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Defense minister refutes China's claim on THAAD

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Defense Minister Lee Jong-sup speaks during a press conference at the Ministry of National Defense Convention in Seoul, Thursday. Courtesy of Ministry of National Defense
Defense Minister Lee Jong-sup speaks during a press conference at the Ministry of National Defense Convention in Seoul, Thursday. Courtesy of Ministry of National Defense

Seoul may ditch inter-Korean military pact in event of Pyongyang's nuclear test

By Kang Seung-woo

South Korea's defense minister said, Thursday, a U.S. anti-missile shield, currently deployed on the Korean Peninsula, cannot operate to Washington's advantage, rejecting China's claim that the system's radar can spy on its military maneuvers and undermine its security interests.

In addition, Defense Minister Lee Jong-sup vowed to speed up efforts to transform the Terminal High Altitude Area Defense (THAAD) base in South Korea into a permanent structure.

Since the establishment of the base in 2017 at a local golf course, hundreds of U.S. and South Korean service members stationed there have been using shipping containers and an old golf clubhouse, raising concerns over their poor living conditions.

The deployment of the THAAD battery has emerged as a hot-button issue between Seoul and Beijing, as evidenced by their foreign ministerial meeting, Tuesday, where it topped the agenda.

"The THAAD issue has to do with our security and sovereignty and China's assertion is not acceptable," Lee said during a press conference at the Ministry of National Defense in Seoul.

"It seems more unreasonable if we change our THAAD plan due to China's protest."

His remarks came as the Chinese government urges the Yoon Suk-yeol administration to uphold the so-called "Three Nos" policy over the THAAD issue ― no additional deployments of the anti-missile system, no integration into a U.S.-led missile defense system and no trilateral alliance with the U.S. and Japan.

In response, the South Korean foreign ministry maintains that the preceding Moon Jae-in administration's Three Nos policy was not a commitment to China.

One Terminal High Altitude Area Defense (THAAD) launcher stands in Seongju, North Gyeongsang Province, in this July 29, 2017 photo. Yonhap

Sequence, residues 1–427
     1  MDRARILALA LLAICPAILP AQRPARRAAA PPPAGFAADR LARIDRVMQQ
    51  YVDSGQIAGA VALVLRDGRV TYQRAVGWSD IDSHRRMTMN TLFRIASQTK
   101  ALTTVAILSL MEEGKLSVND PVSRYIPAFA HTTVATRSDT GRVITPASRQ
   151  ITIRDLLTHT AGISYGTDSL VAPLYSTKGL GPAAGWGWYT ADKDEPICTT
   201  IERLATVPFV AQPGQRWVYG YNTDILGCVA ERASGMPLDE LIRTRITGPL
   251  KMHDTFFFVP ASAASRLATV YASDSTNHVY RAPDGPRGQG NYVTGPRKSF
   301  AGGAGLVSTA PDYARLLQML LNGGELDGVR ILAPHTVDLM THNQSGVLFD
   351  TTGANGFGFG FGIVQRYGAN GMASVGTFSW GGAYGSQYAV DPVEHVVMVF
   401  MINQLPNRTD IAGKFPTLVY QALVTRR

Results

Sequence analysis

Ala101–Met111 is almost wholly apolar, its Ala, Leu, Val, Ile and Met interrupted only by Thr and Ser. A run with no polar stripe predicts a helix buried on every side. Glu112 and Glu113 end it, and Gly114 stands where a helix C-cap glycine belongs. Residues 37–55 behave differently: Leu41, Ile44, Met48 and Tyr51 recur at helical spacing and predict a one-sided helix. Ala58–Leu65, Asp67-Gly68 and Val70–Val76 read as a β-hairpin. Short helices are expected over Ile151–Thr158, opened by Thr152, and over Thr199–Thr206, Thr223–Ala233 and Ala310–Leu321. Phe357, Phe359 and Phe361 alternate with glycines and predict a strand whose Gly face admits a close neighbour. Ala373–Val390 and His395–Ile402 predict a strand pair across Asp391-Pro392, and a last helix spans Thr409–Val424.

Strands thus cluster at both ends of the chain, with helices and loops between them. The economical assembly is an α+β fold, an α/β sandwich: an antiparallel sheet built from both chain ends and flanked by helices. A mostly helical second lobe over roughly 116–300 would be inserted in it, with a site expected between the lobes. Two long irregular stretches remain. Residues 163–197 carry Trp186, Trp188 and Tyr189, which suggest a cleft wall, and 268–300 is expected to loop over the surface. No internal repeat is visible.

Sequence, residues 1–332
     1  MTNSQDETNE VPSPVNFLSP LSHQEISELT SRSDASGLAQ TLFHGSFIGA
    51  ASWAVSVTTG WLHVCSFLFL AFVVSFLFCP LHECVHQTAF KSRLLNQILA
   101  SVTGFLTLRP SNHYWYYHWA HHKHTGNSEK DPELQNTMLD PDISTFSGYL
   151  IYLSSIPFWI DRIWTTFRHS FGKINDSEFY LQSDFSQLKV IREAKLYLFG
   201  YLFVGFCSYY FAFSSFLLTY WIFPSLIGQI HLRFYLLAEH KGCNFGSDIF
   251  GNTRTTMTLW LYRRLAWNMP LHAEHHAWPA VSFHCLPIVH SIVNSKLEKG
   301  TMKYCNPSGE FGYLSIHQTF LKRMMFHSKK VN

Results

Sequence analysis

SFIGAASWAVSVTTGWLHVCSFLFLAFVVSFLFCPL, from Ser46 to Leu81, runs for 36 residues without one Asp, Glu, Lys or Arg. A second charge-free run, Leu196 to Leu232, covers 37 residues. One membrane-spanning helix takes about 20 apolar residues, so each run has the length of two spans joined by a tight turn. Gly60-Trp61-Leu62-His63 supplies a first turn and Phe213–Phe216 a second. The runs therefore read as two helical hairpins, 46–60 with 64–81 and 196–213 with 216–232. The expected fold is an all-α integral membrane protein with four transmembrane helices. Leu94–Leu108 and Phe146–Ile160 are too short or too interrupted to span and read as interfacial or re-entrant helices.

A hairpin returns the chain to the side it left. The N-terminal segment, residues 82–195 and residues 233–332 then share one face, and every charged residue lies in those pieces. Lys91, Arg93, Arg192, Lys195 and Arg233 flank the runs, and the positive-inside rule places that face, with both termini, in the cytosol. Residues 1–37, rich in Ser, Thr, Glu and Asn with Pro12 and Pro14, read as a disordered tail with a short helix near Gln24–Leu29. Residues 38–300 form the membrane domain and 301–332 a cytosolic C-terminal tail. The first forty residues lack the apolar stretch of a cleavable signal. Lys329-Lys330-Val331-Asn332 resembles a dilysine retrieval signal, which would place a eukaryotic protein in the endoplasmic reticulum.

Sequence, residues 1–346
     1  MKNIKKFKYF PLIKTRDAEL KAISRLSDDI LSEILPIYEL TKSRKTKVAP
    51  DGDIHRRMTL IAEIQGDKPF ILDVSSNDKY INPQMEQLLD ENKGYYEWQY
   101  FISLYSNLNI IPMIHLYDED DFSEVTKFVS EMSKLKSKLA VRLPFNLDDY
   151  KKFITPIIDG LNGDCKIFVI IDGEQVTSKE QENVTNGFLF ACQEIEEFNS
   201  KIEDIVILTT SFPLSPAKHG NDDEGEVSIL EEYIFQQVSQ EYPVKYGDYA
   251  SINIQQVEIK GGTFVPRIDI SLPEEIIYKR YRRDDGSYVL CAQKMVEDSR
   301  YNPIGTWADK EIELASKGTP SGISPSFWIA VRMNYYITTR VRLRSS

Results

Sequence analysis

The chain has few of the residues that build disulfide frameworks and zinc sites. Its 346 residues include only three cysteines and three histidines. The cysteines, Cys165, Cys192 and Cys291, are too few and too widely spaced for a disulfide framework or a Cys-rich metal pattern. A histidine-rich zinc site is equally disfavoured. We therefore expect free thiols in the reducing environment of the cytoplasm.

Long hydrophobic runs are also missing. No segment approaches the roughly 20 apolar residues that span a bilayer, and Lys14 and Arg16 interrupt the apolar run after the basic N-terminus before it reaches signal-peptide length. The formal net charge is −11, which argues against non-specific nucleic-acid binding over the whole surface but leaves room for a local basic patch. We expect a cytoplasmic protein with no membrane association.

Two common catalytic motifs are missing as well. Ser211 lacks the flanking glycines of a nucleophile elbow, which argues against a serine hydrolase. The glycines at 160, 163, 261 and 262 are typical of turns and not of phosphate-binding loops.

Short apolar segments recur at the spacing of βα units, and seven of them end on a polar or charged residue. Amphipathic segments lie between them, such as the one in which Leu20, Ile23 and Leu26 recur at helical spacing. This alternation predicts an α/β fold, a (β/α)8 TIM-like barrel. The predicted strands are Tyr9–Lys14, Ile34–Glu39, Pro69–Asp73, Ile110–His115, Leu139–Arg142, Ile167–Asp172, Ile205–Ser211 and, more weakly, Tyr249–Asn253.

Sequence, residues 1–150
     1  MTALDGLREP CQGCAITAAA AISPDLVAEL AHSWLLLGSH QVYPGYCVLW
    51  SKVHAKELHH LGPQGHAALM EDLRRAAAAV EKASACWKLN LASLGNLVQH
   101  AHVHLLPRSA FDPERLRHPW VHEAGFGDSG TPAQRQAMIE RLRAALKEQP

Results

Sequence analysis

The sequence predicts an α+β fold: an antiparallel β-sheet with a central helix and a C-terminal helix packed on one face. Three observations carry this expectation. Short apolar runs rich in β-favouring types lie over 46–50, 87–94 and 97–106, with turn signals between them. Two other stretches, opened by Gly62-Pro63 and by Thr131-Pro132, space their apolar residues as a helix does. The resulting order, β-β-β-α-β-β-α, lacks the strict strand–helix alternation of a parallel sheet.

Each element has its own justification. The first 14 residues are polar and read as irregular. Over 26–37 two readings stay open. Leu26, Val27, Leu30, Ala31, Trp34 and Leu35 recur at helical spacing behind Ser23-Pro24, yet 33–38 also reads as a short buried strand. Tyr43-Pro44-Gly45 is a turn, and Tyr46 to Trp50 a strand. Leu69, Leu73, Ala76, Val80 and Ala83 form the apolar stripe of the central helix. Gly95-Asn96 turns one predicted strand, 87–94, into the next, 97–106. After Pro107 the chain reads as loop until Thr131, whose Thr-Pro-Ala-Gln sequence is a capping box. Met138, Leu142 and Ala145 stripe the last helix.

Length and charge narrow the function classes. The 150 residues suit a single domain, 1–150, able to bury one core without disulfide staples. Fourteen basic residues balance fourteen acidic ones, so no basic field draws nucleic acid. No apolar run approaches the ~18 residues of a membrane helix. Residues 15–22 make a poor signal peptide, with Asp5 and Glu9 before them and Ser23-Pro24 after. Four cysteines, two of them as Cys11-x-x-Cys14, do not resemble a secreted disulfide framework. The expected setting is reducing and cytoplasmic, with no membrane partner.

One Terminal High Altitude Area Defense (THAAD) launcher stands in Seongju, North Gyeongsang Province, in this July 29, 2017 photo. Yonhap

In addition, China now insists that the new South Korean government must also abide by the "One Restriction" policy of limiting the operation of THAAD here. China's Foreign Ministry spokesperson Wang Wenbin said, Wednesday, that Beijing attaches importance to the preceding government's position of the "Three Nos and One Restriction."

The defense minister flatly rejected China's claim that the THAAD radar is used as a tool to spy on its military activities amid its strategic competition with the United States.

"Based on the location of the THAAD radar, it cannot be used to defend the United States and it is only a means of defending South Korea," he said, explaining that a mountain stands between the base and China, blocking the radar's reach in that direction.

"We have already explained this to the Chinese side."

Also, the defense minister said the government will accelerate its efforts to normalize the THAAD base in Seongju, North Gyeongsang Province.

A senior official of the presidential office said, later in the day, the normalization of the base will be completed by the end of August.

Amid growing speculation that North Korea's provocation is imminent, the defense minister said the existing inter-Korean military agreement cannot remain intact and in full unless Pyongyang fulfills it, indicating that a seventh nuclear test may lead to the cancelation of the pact.

The agreement, signed, Sept. 19, 2018, by the leaders of the two Koreas, calls for halting all hostile acts against each other to reduce tensions along the inter-Korean border.

"The Sept. 19 military agreement will have significance and last as long as the two Koreas observe it," Lee said.

However, Lee said whether to ditch the agreement was not a decision that the defense minister can make by himself, adding that it could be decided after collecting opinions from relevant government agencies, including the foreign ministry.


Kang Seung-woo ksw@koreatimes.co.kr


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